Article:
“Tiffany Frantz got her first cellphone when she was 16.
She loved that flip phone. Every morning, on her way out the door, she’d slip it into the left cup of her bra. When she was 21, while watching television one night with her parents in their Lancaster, Pennsylvania, living room, she felt a lump the size of a pea in her left breast, just beneath her phone. Tests later showed four cancerous tumors. “How in the world did this happen?” her mother asked.
Dr. John West believes he knows. In 2013, the Southern California breast cancer surgeon and five other doctors wrote in the journal Case Reports in Medicineabout Frantz’s tumors and those of three other young women. Each of them regularly carried a cellphone in her bra. “I am absolutely convinced,” West tellsNewsweek, “that there is a relationship between exposure to cellphones and breast cancer in young women who are frequent users.”
West has no proof, however. His evidence is anecdotal—and though anecdotes can spur a hypothesis, they can’t prove one. For years, scientists have looked for a link between cancer and cellphone use that holds up to scientific rigor, and they’ve come up short. That’s why when West told his theory to a gathering of about 60 breast cancer specialists, they dismissed the connection as mere coincidence. “I’m hoping that someday people will say, ‘Well, we laughed at him, and now he’s vindicated,’” he says.
Just because West can’t prove he’s right doesn’t mean he’s wrong. After some studies suggested an increased risk of one type of brain cancer, the World Health Organization (WHO) concluded in 2011 that cellphones are “possibly carcinogenic” and recommended keeping “a close watch for a link between cellphones and cancer risk.” But without conclusive evidence of harm, regulators have held back.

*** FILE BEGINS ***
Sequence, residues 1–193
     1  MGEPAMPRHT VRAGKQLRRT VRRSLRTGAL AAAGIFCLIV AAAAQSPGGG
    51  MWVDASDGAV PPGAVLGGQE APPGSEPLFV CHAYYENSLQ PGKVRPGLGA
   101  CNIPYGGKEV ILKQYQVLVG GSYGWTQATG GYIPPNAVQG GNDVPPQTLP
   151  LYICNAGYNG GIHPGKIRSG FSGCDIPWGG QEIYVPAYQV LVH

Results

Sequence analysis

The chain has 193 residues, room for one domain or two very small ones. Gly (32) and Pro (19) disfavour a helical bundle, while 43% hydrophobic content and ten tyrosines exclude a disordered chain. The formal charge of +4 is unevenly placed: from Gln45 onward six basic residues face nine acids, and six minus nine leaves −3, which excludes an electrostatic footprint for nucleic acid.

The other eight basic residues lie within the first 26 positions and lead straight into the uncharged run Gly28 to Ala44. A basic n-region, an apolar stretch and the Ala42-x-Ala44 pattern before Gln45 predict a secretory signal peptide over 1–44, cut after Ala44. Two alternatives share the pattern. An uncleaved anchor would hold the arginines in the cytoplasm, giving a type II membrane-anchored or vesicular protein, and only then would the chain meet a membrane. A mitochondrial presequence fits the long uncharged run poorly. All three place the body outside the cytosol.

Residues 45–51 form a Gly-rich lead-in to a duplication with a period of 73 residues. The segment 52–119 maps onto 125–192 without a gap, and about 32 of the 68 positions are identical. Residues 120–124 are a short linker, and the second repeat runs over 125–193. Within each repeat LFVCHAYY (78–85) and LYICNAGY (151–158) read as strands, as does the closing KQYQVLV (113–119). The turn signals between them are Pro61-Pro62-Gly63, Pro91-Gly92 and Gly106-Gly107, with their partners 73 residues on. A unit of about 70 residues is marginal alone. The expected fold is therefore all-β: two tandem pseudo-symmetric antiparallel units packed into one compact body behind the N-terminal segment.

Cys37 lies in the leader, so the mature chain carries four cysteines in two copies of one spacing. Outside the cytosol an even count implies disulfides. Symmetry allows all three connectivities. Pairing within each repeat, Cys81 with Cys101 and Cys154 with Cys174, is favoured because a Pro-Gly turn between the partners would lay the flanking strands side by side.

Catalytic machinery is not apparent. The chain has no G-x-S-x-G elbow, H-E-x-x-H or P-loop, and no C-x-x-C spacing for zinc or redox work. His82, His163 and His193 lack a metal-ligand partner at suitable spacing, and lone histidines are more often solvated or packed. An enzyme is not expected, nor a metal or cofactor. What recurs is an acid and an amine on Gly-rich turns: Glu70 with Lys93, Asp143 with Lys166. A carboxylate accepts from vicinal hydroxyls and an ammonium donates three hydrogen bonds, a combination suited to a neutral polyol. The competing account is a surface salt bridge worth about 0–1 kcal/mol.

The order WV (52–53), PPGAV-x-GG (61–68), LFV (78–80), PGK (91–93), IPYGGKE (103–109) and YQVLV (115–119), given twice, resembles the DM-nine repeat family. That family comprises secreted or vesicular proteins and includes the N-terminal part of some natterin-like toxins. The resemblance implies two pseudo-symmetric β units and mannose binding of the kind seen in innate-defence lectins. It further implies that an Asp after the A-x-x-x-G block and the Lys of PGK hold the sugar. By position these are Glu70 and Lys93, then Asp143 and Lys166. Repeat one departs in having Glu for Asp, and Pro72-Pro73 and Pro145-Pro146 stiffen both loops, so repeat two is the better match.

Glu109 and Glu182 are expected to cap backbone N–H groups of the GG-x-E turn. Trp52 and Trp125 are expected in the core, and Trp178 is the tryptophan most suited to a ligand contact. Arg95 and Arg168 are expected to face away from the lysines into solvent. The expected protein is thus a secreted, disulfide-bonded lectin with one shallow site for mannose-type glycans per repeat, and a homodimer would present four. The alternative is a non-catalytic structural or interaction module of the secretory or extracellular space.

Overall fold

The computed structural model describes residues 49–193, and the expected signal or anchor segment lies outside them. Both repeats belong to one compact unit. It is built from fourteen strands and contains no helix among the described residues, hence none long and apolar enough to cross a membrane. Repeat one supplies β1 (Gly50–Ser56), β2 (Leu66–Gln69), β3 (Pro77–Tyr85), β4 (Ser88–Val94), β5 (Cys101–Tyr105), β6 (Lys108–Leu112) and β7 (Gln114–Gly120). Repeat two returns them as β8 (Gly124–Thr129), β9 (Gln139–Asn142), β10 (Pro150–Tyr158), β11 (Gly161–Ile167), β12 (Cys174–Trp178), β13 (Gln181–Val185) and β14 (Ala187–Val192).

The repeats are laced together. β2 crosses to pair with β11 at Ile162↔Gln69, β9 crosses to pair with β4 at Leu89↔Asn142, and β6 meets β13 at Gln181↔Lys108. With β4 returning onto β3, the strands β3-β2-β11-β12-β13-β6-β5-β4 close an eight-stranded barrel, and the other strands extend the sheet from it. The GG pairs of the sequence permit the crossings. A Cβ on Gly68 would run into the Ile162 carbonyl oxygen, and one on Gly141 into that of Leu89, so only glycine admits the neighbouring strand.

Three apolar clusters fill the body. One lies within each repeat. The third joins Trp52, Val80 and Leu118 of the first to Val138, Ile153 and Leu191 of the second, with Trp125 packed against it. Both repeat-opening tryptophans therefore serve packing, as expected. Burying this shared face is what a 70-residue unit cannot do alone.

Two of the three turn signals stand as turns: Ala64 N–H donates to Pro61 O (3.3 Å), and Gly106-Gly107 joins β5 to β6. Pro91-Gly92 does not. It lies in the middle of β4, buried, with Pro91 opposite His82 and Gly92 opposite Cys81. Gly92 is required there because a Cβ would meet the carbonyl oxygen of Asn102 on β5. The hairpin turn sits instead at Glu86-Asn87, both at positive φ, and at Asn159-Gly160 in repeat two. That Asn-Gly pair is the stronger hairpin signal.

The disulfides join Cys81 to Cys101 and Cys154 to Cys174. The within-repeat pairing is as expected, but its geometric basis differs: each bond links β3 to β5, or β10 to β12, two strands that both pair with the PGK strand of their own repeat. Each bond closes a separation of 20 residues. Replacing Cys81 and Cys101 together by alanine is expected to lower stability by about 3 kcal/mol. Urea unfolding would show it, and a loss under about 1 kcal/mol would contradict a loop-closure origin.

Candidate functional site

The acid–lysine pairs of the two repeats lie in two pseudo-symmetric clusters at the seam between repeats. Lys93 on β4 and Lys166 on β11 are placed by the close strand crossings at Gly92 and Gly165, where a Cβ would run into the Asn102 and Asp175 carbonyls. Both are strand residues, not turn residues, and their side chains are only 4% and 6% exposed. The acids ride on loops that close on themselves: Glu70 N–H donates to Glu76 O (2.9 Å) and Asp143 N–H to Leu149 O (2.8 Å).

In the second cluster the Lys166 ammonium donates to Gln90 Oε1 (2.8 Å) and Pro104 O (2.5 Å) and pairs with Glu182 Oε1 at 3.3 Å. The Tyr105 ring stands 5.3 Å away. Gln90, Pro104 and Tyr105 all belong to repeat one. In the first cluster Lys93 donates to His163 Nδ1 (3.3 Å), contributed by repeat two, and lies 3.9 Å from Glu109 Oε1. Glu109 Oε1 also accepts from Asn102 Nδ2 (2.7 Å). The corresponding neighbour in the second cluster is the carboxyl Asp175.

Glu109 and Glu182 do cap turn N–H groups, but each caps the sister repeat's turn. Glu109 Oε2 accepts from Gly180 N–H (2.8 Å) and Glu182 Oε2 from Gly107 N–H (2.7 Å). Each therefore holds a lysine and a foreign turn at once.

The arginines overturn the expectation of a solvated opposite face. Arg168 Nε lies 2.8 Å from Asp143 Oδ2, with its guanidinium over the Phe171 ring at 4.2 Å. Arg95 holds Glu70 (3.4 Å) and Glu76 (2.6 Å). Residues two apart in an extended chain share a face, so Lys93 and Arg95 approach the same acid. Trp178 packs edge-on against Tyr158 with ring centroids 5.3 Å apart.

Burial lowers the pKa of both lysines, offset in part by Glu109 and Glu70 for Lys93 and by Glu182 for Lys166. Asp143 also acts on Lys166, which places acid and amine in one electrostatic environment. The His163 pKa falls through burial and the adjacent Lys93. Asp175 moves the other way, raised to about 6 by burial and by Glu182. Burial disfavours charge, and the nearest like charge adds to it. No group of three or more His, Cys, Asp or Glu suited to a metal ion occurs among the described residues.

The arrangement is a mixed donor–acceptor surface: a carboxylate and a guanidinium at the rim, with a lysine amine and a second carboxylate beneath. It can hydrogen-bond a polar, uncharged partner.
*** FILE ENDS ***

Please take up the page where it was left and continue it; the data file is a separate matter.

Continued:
Meanwhile, cellphone use has exploded. In 1986, 681,000 Americans had a cellphone. In 2016, there were 396 million subscriptions to cellphones in the U.S.—more than one for every adult and child. Teenagers, whose developing bodies and brains put them at the most risk, are the most eager adopters. According to a Pew Research Center survey earlier this year, 95 percent of 13- to 17-year-olds said they had access to a smartphone, a 22 percent jump from 2012. A generation has grown up with cellphones—teething on them as toddlers, carrying them through middle school in their jean pockets and even sleeping with them under their pillows. All told, 5 billion people around the world now use a cellphone.
In a few decades, we might know for sure whether or not cellphones cause cancer. In the meantime, we are basically running a large, uncontrolled experiment on ourselves…